One of the items displayed in the exhibition was a collection of translations of Lewis Carroll’s Through the Looking-Glass, and What Alice Found There, his 1871 sequel to Alice’s Adventures in Wonderland. Alice is a popular topic in Oxford, as Carroll himself was a scholar in Maths at Christ Church College. The daughter of the Dean of Christ Church at the time, Alice Liddell, is said to be the original Alice who inspired Carroll’s stories.
In this sequel, Alice goes through the looking-glass, or mirror, in her sitting room to find an alternative world on the other side, a world a bit like our own but also a bit different. While exploring this world she comes across a looking-glass book, a book where the words are written backwards and need to be read in a mirror. The text that she reads is the poem ‘Jabberwocky’.
You might have come across this poem before as it has taken on a life of its own outside of Carroll’s novel. The poem recounts the adventure of a warrior who slays the fearsome beast, the Jabberwock. But the intriguing thing about the text is that it is written in nonsense: half the words were invented by Carroll.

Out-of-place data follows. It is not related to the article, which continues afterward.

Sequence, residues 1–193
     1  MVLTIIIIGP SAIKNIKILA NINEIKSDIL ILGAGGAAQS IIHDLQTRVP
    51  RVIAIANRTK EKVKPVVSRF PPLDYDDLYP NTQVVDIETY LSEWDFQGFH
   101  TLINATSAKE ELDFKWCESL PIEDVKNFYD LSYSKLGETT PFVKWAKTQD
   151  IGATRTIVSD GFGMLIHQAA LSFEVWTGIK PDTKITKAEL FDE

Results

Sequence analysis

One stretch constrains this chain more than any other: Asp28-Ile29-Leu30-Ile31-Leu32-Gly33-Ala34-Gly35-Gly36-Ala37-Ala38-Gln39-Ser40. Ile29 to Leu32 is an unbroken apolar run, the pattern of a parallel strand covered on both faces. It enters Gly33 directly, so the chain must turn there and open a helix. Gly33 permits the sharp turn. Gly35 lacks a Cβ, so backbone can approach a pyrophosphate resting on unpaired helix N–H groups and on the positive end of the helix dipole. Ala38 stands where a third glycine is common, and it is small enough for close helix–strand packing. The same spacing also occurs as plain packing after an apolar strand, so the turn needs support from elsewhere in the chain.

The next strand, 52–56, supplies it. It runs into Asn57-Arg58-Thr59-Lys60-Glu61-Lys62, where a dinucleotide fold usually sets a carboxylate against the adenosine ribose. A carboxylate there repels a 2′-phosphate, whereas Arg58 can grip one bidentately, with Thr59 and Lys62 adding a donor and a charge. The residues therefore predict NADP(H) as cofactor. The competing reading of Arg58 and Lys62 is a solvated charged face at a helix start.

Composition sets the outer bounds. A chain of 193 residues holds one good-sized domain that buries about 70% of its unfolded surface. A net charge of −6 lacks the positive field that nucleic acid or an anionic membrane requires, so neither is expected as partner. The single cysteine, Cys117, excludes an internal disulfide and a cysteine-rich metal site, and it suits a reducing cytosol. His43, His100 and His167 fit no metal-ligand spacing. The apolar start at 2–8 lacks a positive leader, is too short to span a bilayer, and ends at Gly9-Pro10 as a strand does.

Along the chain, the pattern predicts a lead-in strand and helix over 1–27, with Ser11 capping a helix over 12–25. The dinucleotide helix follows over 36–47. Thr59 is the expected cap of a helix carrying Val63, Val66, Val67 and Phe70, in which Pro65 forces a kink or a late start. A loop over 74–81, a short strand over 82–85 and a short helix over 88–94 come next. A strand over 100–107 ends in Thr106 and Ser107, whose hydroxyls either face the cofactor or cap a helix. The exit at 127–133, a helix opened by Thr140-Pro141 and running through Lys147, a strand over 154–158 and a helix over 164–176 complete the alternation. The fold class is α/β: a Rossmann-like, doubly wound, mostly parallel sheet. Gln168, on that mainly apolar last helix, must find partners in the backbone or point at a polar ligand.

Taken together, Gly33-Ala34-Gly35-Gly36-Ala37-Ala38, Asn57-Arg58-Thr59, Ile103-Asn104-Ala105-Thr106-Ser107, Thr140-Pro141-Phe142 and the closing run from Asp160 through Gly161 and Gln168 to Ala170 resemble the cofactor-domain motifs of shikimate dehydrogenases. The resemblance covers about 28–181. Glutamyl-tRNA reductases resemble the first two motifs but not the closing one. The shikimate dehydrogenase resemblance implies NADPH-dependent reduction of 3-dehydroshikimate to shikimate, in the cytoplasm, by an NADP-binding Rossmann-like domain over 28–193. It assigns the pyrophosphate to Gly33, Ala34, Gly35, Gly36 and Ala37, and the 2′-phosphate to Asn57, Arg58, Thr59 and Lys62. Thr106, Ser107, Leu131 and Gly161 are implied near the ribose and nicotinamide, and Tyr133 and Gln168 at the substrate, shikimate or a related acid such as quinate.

Of course, this poses something of a problem if we’re thinking about translating the text, because how can we go about translating words that are made up? Because Carroll invented these words, no dictionary definition of them exists, and meaning can therefore be elusive. Take the second word of the poem, for example, ‘brillig’ – does this mean brilliant, bright, murky, rainy, cold, a particular time of day, or something else entirely?
Nonetheless, lots of translators have risen to this challenge, creating versions of ‘Jabberwocky’ in other languages which are just as playful as the original English. We might even approach the translation of a text like this as an opportunity to have some fun with the translation process: if meaning is not fixed, perhaps as translators this is a chance to focus on other elements of the text, such as rhyme, rhythm, or onomatopoeia. Take a look at the resource we’ve linked to below for more ideas about translating ‘Jabberwocky’. Perhaps even have a go yourself at translating the poem yourself – it could be frabjously good fun!
tend to think of metaphors as poetic language, but we actually use them
all the time in our everyday speech. But how do metaphors in different
languages work? And can the metaphors we use affect our thinking? In